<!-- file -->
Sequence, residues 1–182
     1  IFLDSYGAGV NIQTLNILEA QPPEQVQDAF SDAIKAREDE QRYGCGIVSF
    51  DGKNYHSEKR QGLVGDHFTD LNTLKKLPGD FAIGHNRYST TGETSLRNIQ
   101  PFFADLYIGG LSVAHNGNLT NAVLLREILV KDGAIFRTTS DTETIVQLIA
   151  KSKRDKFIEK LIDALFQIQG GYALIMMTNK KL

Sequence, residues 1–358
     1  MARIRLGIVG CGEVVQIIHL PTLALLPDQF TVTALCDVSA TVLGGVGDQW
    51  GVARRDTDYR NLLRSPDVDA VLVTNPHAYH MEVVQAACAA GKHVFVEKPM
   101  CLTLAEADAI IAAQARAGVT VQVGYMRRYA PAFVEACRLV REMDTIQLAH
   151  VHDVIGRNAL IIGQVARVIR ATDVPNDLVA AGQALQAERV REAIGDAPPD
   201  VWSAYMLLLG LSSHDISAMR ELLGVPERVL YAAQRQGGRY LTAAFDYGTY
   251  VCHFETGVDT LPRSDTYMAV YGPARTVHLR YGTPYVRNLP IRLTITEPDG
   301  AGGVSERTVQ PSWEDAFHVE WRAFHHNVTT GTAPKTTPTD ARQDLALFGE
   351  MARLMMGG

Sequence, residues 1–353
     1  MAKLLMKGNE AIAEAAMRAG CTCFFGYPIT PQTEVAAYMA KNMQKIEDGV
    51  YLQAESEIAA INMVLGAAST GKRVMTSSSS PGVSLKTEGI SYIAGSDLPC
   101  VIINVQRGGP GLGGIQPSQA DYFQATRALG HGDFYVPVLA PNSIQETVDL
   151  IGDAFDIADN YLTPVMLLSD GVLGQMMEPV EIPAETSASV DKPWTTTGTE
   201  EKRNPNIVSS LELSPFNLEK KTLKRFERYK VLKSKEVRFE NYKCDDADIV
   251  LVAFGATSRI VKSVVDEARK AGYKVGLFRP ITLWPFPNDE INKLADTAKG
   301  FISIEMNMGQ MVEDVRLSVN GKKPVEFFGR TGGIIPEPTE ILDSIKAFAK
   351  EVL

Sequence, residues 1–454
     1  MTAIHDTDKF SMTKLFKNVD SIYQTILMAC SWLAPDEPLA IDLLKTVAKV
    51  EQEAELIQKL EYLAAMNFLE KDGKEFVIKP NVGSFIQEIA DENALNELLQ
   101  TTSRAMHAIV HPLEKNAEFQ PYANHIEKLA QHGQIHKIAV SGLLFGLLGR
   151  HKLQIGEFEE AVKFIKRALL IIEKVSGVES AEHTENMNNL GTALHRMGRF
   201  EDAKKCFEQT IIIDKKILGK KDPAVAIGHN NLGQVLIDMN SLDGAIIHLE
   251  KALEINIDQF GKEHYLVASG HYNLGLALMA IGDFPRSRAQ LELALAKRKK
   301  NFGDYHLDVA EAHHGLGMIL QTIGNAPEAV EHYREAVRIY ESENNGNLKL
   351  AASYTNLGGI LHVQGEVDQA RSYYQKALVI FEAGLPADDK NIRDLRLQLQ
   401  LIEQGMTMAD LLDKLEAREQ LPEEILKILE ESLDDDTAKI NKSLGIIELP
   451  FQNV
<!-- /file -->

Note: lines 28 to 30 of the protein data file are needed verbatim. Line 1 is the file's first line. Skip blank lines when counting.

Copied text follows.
   151  HKLQIGEFEE AVKFIKRALL IIEKVSGVES AEHTENMNNL GTALHRMGRF
   201  EDAKKCFEQT IIIDKKILGK KDPAVAIGHN NLGQVLIDMN SLDGAIIHLE
   251  KALEINIDQF GKEHYLVASG HYNLGLALMA IGDFPRSRAQ LELALAKRKK